USDA raises already-record soybean crop forecast

WASHINGTON (Reuters) - The U.S. Agriculture Department raised its already-record outlook for the U.S. soybean harvest on Wednesday as the crop benefited from timely rains throughout August.

A bushel of soybeans are shown on display in the Monsanto research facility in Creve Coeur, Missouri, U.S. on July 28, 2014. REUTERS/Tom Gannam/File Photo

Soybean futures jumped as some traders had feared that USDA would increase its estimate for soybean yields even higher than it did, traders said. Another increase may come next month, they said.

The government trimmed its corn production view but said that harvest would still be a record.

“The big thing is that this wasn’t as bearish as it could have been,” said Jack Scoville, analyst for Price Futures Group.

November soybean futures were up 11-3/4 cents at $9.66 a bushel at 11:22 a.m. CDT (1622 GMT), while December corn was down 1-1/2 cents at $3.44 a bushel.

In its monthly crop production report, USDA said the soybean harvest for the 2016/17 marketing year would come in at 4.269 billion bushels, up from its September outlook for 4.201 billion bushels. Average yields were raised to 51.4 bushels per acre from 50.6 bushels per acre.

“This crop is incredible and may see higher yields before we’re done,” said Alex Norton, analyst for Beeson Inc.

Corn production was seen at 15.057 billion bushels, with the average yield pegged at 173.4 bushels per acre. A month ago, USDA had forecast corn production at 15.093 billion bushels and yields at 174.4 bushels per acre.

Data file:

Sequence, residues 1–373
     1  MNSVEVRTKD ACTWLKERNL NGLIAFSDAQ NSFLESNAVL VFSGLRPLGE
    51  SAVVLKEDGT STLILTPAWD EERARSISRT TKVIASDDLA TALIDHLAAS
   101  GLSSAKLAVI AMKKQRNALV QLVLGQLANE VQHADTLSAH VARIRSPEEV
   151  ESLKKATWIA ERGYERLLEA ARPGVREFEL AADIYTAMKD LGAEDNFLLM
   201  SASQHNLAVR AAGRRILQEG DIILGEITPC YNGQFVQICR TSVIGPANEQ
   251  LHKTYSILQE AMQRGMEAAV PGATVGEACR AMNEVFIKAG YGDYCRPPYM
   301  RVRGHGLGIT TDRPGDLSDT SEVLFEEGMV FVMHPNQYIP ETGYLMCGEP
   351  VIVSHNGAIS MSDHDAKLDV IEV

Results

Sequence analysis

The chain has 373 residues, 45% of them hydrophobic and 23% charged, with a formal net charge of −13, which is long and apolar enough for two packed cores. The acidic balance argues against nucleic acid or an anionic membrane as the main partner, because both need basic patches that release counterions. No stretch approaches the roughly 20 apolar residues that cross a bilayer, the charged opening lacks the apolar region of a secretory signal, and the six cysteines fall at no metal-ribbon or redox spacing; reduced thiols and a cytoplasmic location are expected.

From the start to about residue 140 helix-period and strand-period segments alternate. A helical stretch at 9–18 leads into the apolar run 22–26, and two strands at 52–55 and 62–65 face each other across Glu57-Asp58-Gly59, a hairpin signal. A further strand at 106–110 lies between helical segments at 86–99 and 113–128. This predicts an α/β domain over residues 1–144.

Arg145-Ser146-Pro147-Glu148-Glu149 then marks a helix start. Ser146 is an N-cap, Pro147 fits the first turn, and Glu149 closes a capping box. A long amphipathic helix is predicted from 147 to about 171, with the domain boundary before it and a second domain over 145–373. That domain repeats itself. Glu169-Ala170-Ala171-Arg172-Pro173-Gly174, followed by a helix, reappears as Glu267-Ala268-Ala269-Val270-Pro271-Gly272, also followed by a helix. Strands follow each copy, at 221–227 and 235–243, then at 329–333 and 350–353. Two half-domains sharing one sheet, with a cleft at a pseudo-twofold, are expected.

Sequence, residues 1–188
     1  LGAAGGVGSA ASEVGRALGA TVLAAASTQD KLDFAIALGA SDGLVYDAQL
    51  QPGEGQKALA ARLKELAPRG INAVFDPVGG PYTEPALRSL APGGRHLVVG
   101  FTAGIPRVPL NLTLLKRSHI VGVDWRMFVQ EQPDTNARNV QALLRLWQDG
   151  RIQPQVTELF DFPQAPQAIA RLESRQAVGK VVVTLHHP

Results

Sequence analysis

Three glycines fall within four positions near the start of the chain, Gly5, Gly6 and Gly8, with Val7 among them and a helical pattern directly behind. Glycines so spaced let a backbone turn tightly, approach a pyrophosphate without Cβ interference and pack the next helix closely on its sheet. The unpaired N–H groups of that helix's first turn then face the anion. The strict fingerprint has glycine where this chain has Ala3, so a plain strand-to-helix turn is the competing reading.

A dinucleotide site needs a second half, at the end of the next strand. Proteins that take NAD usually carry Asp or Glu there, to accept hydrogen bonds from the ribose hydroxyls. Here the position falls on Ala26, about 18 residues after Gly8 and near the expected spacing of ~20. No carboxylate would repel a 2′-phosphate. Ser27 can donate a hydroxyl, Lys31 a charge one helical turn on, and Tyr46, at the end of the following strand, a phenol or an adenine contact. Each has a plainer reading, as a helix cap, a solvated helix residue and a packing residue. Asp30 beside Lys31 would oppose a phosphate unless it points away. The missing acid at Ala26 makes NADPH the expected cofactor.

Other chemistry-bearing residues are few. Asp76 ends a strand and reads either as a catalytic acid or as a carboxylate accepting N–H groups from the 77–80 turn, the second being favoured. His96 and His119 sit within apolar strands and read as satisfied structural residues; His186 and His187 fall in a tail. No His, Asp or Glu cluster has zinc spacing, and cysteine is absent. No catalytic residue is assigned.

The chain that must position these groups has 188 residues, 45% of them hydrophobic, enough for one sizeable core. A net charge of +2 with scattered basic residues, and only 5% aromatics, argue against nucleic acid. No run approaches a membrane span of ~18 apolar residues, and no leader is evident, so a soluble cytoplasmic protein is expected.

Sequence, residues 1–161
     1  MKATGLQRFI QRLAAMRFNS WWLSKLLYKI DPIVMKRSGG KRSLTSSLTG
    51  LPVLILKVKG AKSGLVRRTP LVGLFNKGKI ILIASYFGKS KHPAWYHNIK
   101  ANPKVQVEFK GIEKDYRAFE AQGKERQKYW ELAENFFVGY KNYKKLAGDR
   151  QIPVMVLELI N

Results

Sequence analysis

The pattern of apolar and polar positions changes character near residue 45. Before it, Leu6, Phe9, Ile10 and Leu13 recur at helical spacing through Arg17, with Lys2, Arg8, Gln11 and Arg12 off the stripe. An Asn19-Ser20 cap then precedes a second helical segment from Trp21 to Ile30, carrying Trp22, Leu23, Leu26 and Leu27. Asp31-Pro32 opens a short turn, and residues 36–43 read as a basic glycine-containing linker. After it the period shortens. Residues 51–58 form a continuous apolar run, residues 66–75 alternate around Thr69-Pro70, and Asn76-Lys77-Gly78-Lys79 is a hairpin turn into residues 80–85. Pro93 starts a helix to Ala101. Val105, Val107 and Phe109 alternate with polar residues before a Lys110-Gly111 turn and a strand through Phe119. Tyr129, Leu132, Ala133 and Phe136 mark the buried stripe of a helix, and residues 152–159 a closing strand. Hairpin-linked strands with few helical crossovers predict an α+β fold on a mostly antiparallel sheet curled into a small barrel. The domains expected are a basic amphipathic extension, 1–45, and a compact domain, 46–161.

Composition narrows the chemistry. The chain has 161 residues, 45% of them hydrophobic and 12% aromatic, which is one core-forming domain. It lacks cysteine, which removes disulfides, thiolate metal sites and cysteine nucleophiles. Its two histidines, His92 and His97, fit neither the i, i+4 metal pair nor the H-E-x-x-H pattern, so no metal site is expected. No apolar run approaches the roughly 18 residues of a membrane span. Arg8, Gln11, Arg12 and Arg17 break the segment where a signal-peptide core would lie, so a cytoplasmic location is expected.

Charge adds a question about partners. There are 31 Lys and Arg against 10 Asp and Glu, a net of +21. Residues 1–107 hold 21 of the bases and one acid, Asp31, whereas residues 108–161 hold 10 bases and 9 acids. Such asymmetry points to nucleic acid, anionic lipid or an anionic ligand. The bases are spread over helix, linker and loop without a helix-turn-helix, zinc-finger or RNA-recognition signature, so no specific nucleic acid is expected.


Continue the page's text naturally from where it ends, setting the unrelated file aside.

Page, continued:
Analysts had been expecting the report to point to a soybean crop of 4.286 billion bushels, based on an average yield of 51.5 bushels per acre, according to the average of estimates given in a Reuters poll.

Market watchers also had expected the report to show a corn crop of 15.060 billion bushels, with an average yield of 173.5 bushels per acre.

Expectations for bumper harvests have weighed on corn and soybean prices for months. Soybean futures have sagged 21 percent from their 2016 peak hit during mid-June while corn has fallen 22 percent during the same time period.

USDA also pegged domestic corn ending stocks for 2016/17 at 2.320 billion bushels, compared to its September estimate of 2.384 billion bushels.

Soybean ending stocks were seen at 395 million bushels, up from the September estimate of 365 million bushels, according to USDA’s monthly supply and demand report. USDA forecast wheat ending stocks of 1.138 billion bushels, an increase from 1.100 billion bushels in September.

Analysts had been expecting corn ending stocks of 2.359 billion bushels, soybean ending stocks of 413 million bushels and wheat ending stocks of 1.153 billion bushels.

Reporting by Timothy Ahmann in Washington. Additional reporting by Tom Polansek and Michael Hirtzer in Chicago.; Editing by Andrea Ricci and Alan Crosby